Enrollment trends: Out-of-state students form 42.6 percent of University of Michigan's freshman class
Joe Tobianski | AnnArbor.com
Out-of-state and international students now comprise 42.6 percent of this fall's freshman class, outpacing non-resident enrollment levels of recent history.
The ratio represents an uptick of 2 percent from the year before and 7.1 percent from fall 2009, when 35.5 percent of freshmen were non-Michigan residents.
Non-resident enrollment levels from fall 2002 and fall 2009 were similar, rising just 0.3 percent in seven years. During that period, however, annual non-resident enrollment fluctuated between 34 percent and 39.5 percent.
Joe Tobianski | AnnArbor.com
"We are very much on the minds of many out-of-state students," U-M admissions director Ted Spencer said shortly after releasing fall 2012 enrollment figures Tuesday.
"We were able to achieve a goal of admitting a slightly larger number of students from out of state."
Over the past decade, the size of U-M's freshman class has grown significantly, increasing 19 percent since 2002. An analysis of enrollment figures shows that the vast majority of growth has come from outside Michigan.
For example, in 2002 U-M enrolled 1,827 non-resident freshmen, 801 fewer out-of-state students than this year. Also in 2002 overall freshmen enrollment levels were at 5,187 — 984 students fewer than this year. Of the enrollment difference between those two years, roughly 81 percent is comprised of non-resident students.
Although the recent increase in non-resident enrollment was deliberate, Spencer — who has sat on a university task force titled "Marketing U-M to Non-resident Undergraduate Applicants" — was mum on whether the uptick would continue.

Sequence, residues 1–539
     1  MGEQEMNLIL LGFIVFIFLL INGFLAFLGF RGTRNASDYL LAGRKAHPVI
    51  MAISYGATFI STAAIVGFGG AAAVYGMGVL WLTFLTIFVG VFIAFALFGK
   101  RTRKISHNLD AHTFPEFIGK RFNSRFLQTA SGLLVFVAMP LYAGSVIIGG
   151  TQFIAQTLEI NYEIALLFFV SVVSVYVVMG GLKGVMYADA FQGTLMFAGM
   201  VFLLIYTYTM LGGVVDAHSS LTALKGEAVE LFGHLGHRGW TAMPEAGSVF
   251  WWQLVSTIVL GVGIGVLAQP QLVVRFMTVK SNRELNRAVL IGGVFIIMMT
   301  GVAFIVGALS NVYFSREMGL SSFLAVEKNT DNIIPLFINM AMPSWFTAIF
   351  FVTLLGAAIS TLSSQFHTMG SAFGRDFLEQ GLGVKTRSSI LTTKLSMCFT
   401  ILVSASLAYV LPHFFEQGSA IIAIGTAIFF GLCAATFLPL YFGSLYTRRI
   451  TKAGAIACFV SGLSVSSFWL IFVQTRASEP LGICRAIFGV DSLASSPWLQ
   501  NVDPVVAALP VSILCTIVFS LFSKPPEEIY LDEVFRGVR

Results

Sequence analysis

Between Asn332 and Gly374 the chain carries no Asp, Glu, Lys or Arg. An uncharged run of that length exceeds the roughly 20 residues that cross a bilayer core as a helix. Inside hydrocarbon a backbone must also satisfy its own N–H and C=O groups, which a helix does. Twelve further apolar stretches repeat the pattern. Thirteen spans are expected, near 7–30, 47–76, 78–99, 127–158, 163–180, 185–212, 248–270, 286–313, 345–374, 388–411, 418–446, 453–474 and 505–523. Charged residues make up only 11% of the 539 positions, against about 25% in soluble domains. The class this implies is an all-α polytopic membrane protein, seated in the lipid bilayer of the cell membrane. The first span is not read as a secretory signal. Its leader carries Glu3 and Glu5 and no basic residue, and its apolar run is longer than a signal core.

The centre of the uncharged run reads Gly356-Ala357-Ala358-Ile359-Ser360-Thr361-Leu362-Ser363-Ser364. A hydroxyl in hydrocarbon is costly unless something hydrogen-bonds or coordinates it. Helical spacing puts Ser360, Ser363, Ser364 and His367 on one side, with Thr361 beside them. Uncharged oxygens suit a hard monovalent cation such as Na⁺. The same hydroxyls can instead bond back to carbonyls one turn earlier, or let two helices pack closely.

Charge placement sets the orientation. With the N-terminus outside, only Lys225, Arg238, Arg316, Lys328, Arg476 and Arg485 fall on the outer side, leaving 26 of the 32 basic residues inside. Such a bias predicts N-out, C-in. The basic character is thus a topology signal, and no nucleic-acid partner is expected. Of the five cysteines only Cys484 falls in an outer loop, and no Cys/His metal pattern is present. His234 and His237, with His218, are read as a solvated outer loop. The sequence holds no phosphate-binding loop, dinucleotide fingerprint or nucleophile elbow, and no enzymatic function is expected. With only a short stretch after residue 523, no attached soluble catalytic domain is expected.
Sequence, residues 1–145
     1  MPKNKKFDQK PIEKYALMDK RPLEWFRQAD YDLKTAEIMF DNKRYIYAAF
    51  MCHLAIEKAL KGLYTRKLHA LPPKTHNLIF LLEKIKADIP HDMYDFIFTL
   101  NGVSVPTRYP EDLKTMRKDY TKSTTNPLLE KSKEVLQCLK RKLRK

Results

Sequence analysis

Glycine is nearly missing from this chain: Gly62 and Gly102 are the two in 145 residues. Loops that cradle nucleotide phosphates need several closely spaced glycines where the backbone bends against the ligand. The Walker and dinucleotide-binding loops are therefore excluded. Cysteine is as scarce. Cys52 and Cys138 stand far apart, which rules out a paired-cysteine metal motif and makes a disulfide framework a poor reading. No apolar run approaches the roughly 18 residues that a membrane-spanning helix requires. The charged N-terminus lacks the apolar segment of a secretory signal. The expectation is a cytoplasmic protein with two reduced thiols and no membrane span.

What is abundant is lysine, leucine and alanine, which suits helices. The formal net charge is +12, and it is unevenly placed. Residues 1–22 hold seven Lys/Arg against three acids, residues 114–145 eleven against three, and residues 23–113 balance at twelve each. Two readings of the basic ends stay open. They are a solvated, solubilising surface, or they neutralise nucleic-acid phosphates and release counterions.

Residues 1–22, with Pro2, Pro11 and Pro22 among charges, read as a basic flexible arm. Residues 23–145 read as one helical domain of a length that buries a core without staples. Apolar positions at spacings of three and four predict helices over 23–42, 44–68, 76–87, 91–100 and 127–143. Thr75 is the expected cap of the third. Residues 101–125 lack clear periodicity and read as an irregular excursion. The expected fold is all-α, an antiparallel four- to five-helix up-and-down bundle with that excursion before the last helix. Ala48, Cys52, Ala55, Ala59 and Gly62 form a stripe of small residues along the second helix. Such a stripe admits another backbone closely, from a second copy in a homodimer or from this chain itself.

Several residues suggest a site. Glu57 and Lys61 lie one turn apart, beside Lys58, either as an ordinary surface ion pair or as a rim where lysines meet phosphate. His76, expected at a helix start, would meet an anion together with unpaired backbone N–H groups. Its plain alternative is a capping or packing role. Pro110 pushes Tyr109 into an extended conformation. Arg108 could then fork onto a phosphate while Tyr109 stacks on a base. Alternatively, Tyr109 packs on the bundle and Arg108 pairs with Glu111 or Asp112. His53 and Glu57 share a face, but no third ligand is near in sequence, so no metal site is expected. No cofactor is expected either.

"I don't know that we have made any official statement about where we are going with that," he said.
Yet U-M President Mary Sue Coleman has said Michigan's 15 state universities need more non-resident enrollees.
"As a state, if you look at all 15 universities, we are underperforming in terms of our out-of-state student population," she said on May 31, during the 2012 Mackinac Policy Conference. "That is, we have capacity, and these students come paying the full freight. They actually add tremendously to the economy in the state of Michigan."
Non-resident freshmen pay $39,122, or $26,118 more than resident freshmen. Additionally, out-of-state students received less per-student university-sponsored financial aid than residents.
Ryan J. Stanton | AnnArbor.com
During a decade of declining state funding, the additional revenue brought by non-resident freshmen is budget-friendly.
The nonprofit organization Business Leaders for Michigan estimates that raising Michigan’s out-of-state enrollment to that of comparable universities outside the state could net $200 million in increased tuition over four years.
Yet the issue of non-residents enrolling in universities that are partially taxpayer funded is a controversial one. Former U-M regent, and current GOP regent candidate, Dan Horning says Michigan's flagship public college is "letting too many out-of-state students in.